Have you ever looked at an old pirate map and wondered what was up with those creepy looking monsters? For centuries, seafarers would create these maps and populate them with horrible creatures that they supposedly encountered. These creatures were likely just dolphins or seals, but without the help of modern marine biology, they seemed like sea dragons in an undiscovered part of the world. It was a time governed by myth, and the stories of these beasts frightened the wives of sailors for generations.
1603: Abraham Ortelius published a map featuring the Steipereidur, a whale-like creature that looks fearsome, but actually fights off other more dangerous beasts to save fishermen.
1555: The Sea Serpent began as a Norwegian myth and continues even today with cryptozooligical sightings of the Loch Ness Monster.
1621: This beast is named Jasconius. Saint Brendan supposedly landed on its back, but took note of the scaly ridges and realized that this was no island.
1573: Most likely an odd bastardization of a sting ray, the Sea Eagle is a particularly horrifying creation by map makers of the era. It was said that if you caught one and presented it to a king, you’d get a hefty reward.
1572: It’s hard to say what inspired this Sea Chimera besides maybe cabin fever hallucinations. It appears to have a serpent’s tail that lights aflame, but also a bird-like face with feathers that shoot out smoke.
1570: Continuing the tradition of the Sirens found in Greek antiquity, Mermaid sightings were common among men who probably hadn’t seen a woman in the many months out at sea.
1560: Sailors of the Mediterranean were fearful of the Cherub Seals, large seals with human child-like faces. However, the real threat was the wolf-like Ziphius who hunted them.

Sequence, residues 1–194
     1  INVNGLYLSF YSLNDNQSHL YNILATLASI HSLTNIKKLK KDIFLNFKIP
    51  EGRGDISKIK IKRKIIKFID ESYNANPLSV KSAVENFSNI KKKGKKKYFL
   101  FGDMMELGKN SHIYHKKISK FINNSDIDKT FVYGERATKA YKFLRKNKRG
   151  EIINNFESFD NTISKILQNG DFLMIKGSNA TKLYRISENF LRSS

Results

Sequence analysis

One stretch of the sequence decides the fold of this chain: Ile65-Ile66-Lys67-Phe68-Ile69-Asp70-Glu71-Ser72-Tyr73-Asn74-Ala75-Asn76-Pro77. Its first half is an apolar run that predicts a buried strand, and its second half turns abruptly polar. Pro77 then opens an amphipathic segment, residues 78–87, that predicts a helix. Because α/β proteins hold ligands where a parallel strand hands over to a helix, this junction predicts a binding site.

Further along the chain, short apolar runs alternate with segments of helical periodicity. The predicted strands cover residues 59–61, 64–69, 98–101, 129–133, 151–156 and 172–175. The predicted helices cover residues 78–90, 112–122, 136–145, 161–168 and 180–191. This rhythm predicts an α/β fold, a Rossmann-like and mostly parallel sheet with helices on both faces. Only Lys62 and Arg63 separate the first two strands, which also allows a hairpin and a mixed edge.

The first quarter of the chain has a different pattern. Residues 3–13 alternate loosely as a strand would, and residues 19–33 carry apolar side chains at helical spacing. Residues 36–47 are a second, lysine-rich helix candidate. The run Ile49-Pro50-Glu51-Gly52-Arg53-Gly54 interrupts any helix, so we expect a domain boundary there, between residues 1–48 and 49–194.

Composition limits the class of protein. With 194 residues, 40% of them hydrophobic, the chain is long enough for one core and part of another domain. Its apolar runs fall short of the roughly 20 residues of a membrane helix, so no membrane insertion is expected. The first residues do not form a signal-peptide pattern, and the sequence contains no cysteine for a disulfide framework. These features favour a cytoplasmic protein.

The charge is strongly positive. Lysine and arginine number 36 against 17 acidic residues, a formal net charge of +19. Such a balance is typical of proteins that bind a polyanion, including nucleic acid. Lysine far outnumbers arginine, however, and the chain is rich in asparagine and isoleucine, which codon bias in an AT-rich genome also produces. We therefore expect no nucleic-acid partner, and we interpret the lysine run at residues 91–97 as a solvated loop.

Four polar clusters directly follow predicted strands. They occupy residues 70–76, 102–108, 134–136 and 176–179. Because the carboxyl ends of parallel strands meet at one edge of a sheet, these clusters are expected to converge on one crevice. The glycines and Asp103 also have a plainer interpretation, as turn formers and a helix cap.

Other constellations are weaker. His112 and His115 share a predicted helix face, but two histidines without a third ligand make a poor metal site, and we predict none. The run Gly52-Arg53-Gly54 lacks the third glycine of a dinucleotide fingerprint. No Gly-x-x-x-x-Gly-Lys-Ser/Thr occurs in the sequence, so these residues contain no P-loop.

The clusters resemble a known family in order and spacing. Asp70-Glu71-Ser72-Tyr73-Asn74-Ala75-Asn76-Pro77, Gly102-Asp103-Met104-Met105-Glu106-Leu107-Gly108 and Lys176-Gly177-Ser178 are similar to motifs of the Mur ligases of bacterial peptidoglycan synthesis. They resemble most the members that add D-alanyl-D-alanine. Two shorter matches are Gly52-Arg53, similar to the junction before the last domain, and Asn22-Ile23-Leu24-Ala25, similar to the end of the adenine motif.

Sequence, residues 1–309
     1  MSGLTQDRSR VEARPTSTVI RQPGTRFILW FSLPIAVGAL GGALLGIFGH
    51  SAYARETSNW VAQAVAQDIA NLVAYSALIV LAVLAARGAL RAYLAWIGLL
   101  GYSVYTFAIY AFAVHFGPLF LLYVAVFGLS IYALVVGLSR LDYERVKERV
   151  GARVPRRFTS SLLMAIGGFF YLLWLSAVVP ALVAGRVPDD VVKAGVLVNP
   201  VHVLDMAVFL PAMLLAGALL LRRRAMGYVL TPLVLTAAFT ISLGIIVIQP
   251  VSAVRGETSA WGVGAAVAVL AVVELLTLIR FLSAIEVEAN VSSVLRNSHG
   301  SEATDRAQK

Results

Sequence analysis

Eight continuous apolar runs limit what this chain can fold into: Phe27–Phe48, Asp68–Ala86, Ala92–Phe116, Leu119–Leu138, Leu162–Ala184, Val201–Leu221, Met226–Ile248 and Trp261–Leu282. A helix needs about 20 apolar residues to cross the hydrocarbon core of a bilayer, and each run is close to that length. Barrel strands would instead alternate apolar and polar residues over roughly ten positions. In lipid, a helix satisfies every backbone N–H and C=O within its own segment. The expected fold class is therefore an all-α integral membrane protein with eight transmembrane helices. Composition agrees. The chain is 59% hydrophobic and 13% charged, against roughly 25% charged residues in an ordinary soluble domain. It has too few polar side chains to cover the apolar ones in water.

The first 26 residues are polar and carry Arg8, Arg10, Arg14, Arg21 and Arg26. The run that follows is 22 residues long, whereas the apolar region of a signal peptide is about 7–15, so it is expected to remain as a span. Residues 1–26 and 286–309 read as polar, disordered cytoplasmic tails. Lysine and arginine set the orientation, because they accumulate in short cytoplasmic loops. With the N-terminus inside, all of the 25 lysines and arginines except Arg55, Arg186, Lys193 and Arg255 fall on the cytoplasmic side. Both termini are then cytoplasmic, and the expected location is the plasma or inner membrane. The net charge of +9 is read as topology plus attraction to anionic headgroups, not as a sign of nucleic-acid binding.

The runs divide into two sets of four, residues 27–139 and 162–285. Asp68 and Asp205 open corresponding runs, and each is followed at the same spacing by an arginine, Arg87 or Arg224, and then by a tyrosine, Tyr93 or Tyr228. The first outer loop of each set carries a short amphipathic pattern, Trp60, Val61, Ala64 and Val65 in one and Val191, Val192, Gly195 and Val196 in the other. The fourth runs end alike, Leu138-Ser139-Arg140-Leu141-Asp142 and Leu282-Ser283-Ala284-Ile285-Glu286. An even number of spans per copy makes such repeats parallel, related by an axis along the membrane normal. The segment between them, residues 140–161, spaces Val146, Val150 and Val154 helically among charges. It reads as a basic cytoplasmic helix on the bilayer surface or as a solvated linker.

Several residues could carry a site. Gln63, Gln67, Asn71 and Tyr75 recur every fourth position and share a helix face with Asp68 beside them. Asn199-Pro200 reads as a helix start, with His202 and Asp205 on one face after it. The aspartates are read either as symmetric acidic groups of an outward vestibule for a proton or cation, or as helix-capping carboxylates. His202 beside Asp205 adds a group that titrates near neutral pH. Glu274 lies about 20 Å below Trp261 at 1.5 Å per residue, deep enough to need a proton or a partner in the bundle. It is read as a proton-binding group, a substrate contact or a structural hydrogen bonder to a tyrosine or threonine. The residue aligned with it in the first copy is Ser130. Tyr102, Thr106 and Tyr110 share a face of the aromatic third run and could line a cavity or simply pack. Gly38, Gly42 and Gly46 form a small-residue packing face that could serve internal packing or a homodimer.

1101: In 12th century Switzerland, it was believed that every land animal had their own seafaring counterpart. Hence the Elephant Fish.
1250: The Kraken is probably the most famous monster in sea lore. Originally a Scandinavian tale, it was said that the most dangerous thing about the beast wasn’t it’s tentacles, but the whirlpool it left in its wake.
1554: The Sea Bishop is an odd concept, as it suggests there is a kingdom of devout mermaid Catholics underwater. This period was plagued with much religious strife, so it made sense that its monsters started taking the form of clergymen.
1539: Olaus Magnus claimed a Sea Swine lurked in the North Sea above Germany. The monster had sharp tusks jetting out of its hog head, dragon’s feet, and several eyes scattered all over its body.
1539:Olaus Magnus claimed that a 12 foot Sea Rhino lived just off the coast of some islands, and had a hankering for giant lobsters.
1567: It got to a point in map making where maps would sell more because of the mythological beasts populating them. So this Sea Camel wasn’t really based on any sighting; it more or less just looked kind of cute.
When looking at these monsters, it kind of makes me long for a mysterious world still populated by these legends. At the same time, sharks are enough to deter me from getting into the water at the beach, so maybe I’m ok without them.